GIMME SHELTER- Butterfly bonanza: Plant it and they will come

Linda Marchman, Owner, Social Butterflies

Q: How do we get Monarch butterflies to return to our garden? We saw so few last year. And what do we need to do to attract other butterflies?

A: Yes, everyone loves Monarchs because of their distinctive markings and slow graceful flight. What many people don't realize is that Monarch caterpillars eat only one thing: milkweed. We used to have more fields of milkweed in the area, but many of those fields have been developed or are regularly mowed. As a result, we're seeing fewer Monarchs returning to the area. It's actually becoming a big problem. No milkweed, no Monarchs. 

When I first started out, about six years ago, I decided I wanted to raise Monarchs because I had a big field of milkweed behind my house. I ordered the caterpillars, cut the milkweed for them, but they wouldn't eat it. As it turned out, my field of "milkweed" was really a field of dogbane, which looks alot like milkweed. 

The moral of the story? Yes, it's relatively easy to create a butterfly garden or attract butterflies back to your garden, but it helps to educate yourself a little. 

To raise and attract butterflies, you have to raise the right host plants for the caterpillars and the right nectar plants for the butterflies. As we say in the butterfly raising business, "If you plant it, they will come."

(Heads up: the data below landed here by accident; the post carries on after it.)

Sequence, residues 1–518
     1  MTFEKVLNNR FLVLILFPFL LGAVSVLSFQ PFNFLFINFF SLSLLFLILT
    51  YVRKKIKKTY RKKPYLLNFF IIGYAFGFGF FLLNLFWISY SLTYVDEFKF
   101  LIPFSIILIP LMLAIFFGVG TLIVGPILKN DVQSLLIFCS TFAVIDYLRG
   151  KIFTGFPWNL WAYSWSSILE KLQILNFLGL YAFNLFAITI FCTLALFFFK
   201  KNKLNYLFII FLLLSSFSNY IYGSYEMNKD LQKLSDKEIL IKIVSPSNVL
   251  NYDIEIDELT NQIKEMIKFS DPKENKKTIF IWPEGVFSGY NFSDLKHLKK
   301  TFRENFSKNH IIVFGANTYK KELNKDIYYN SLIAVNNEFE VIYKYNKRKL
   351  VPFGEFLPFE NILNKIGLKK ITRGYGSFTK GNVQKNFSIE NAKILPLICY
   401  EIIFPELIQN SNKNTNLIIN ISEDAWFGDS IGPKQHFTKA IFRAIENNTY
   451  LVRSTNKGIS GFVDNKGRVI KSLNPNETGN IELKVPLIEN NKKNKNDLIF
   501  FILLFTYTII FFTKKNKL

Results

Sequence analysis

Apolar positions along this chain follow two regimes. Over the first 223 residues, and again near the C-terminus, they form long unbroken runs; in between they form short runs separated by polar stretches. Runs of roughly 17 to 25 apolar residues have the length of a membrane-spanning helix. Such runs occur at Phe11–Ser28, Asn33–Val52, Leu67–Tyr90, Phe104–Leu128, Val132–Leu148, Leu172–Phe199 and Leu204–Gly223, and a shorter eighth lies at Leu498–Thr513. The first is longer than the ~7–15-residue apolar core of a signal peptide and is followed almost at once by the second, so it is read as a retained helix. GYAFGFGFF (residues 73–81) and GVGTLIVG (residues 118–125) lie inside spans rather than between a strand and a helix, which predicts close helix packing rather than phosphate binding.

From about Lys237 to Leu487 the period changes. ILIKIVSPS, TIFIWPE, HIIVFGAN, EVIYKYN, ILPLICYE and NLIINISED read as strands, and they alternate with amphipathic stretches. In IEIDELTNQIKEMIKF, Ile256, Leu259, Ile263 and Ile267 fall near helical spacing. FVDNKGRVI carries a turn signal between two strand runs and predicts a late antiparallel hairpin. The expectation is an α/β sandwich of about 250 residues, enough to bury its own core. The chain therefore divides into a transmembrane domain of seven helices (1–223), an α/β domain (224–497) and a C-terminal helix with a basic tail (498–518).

For Monarch caterpillars, of course, the host plant is milkweed, but for other species, like the big beautiful Black Swallow Tails, it's dill, fennel, and parsley. For other butterfly species, like Painted Ladies, you'll need thistle, hollyhock, and mallow leaves; and for Variegated Fritillary, you'll need pansies and passionvine.

For butterflies, the best nectar plant is the butterfly bush, which blooms from June to the first frost. Lantana and pin cushion flower are also good nectar plants. Basically, if it smells good to you, it's going to attract butterflies. 

Generally, Monarchs live for just three to four weeks, but their offspring continue their life-cycles throughout the season. As a result, Monarchs produce three to four generations from June to September.

As you may know, the last generation of "super" Monarchs go on a remarkable journey. Building their bodies up by nectaring, they can live for as long as seven months, just enough time to complete an amazing trip to Mexico. 

Millions of Monarchs from as far away as Canada make the trip to Mexico every year, where they gather in fir trees, layer upon layer of them, resting and waiting out the winter. Around February, they begin to wake up and start their their life-cycles again. They mate and die, following the milkweed back home, until their offspring find their way back to Charlottesville in June. 

Hopefully, if we all do our part and plant some, they'll find more milkweed waiting when they get here.